In regard to cost, there’s not much difference between living in Montevideo and a small town. In Montevideo, rents are higher, but the reliable bus service and taxis make it easy to get by without the cost of owning a car. In small towns along the coast and in the interior, rent is often less, but you may need a car to get around.
Best Places to Retire in Uruguay
Uruguay is a small country on the east coast of South America between Brazil and Argentina. Uruguay’s interior is part of the South American Pampas used for cattle grazing and farming. On Uruguay’s coast, you find beautiful sand beaches popular with vacationers. In summer, the average high temperature is around 80 F, cooling down to the mid-60s F at night. In the wintertime, the daytime high is in the high 50s F, cooling down to the mid-40s F at night.
I moved to Uruguay in 2006 and I’ve lived here ever since. For me, it’s been a good fit. I lived in the beach town of Punta del Este for more than seven years, and I’ve been living here in Montevideo, Uruguay’s capital, for more than five years. Okay, let’s get started looking at the top five places for expats in Uruguay. Starting here in Montevideo.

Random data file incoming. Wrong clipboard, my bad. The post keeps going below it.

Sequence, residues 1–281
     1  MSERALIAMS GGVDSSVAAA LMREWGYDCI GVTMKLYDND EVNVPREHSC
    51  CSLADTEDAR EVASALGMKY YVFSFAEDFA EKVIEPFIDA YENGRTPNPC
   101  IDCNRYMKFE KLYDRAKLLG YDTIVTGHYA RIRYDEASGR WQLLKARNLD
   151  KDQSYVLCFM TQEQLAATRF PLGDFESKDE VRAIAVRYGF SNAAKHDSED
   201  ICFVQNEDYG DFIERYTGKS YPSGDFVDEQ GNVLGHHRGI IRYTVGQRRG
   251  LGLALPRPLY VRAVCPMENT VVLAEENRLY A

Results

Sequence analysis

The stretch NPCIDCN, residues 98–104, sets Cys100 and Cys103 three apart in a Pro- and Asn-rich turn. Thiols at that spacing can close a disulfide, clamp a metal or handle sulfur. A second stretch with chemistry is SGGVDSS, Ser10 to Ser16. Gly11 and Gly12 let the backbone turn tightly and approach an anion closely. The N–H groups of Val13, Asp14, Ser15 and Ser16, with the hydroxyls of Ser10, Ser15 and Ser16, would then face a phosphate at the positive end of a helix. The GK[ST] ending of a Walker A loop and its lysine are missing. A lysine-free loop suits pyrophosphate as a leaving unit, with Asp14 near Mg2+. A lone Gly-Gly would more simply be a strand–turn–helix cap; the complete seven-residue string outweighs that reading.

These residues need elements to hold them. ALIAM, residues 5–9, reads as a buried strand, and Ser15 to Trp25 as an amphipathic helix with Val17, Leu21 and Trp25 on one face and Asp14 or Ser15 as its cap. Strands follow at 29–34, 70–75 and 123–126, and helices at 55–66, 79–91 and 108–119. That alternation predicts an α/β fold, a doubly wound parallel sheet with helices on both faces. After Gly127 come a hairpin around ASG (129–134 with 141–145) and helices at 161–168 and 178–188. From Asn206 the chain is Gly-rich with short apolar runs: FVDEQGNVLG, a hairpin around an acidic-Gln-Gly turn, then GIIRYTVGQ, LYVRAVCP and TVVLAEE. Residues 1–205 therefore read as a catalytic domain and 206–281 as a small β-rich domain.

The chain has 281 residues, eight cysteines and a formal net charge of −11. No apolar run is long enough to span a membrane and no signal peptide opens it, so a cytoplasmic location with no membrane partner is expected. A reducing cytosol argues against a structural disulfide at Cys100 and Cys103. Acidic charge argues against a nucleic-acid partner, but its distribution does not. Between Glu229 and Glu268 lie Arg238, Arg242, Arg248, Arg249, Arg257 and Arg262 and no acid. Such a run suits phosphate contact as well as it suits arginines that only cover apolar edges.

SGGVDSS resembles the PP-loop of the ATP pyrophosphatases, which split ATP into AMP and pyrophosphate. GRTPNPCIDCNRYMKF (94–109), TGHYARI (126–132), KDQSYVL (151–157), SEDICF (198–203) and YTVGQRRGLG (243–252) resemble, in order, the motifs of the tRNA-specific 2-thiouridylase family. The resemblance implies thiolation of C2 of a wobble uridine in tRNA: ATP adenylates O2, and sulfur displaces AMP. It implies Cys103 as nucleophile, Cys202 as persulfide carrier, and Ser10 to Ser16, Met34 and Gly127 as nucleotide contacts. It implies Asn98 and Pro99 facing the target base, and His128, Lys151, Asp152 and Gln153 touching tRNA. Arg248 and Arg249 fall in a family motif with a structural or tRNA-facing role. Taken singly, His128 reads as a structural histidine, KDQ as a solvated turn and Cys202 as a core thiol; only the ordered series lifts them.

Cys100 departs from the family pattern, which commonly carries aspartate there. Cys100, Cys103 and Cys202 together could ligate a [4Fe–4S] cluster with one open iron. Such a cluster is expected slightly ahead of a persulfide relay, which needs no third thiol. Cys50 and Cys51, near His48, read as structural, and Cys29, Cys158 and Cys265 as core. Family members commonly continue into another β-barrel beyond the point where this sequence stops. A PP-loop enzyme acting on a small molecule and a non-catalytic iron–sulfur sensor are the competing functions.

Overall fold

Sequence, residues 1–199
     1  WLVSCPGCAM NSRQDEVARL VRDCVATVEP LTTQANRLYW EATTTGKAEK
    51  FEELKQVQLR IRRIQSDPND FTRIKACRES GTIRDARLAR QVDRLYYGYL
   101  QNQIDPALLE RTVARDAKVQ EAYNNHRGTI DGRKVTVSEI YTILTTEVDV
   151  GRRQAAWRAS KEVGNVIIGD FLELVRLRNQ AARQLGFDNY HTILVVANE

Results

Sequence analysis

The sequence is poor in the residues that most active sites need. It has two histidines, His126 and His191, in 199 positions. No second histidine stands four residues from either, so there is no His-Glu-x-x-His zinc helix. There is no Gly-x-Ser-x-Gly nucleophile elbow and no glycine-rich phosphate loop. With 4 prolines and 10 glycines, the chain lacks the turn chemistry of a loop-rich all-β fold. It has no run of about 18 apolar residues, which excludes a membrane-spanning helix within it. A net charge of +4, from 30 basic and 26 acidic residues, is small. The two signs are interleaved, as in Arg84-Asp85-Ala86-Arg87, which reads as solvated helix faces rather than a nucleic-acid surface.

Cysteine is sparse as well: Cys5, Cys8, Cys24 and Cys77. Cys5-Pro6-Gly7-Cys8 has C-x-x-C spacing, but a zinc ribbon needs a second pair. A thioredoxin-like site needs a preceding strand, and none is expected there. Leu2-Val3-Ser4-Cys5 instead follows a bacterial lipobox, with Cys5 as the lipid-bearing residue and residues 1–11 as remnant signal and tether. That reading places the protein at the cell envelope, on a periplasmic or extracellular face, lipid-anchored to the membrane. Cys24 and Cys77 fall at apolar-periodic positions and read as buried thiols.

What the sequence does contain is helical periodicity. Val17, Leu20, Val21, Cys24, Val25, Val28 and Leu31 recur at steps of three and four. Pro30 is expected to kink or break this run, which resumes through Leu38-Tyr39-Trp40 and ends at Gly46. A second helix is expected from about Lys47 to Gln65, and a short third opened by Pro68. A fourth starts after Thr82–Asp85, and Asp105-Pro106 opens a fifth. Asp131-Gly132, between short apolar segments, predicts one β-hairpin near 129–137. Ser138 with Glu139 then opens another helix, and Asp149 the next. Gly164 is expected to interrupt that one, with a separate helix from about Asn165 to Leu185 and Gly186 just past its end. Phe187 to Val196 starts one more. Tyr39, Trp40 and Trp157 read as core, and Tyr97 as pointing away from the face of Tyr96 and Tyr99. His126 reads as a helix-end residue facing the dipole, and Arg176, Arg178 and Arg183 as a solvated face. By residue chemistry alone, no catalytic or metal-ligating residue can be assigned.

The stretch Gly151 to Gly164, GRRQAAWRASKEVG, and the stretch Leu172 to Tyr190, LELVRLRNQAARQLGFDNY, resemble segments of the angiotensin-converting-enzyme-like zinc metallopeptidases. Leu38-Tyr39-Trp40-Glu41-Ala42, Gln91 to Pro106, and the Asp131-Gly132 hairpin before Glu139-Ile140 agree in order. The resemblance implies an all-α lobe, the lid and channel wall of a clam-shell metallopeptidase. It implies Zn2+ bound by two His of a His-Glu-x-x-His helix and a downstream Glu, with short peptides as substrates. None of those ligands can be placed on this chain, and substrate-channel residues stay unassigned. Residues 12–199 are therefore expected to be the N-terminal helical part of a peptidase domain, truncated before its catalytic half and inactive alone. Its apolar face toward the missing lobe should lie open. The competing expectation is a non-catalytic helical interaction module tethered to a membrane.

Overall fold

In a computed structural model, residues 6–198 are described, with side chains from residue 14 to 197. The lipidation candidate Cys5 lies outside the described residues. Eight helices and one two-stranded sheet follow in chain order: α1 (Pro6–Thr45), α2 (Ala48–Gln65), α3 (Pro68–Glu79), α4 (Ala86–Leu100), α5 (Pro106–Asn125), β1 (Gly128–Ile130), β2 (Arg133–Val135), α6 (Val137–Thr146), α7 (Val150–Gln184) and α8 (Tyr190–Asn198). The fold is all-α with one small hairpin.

Montevideo is Uruguay’s capital and largest city. It’s located on the Rio de la Plata, which translates to River of Silver. But it’s actually a large sea like estuary off the Atlantic coast. Montevideo was established in 1730, and grew up around the Bay of Montevideo, which is the best natural harbor in the region. Today Montevideo is a city of 1.4 million people. That’s almost half the population of all of Uruguay. It’s a city Mercer ranks number one for quality of life in South America. In Montevideo, you find beautiful plazas, large green parks, and tree-lined streets. Like most Latin American cities, you’ll notice Spanish influences. But what is a little bit unique about Montevideo is you also notice lots of Italian influences in architecture and the culture. This is because 65% of all the people in Montevideo are of Italian descent. Along the coast in Montevideo, you’ll find sandy beaches. You also find the Rambla.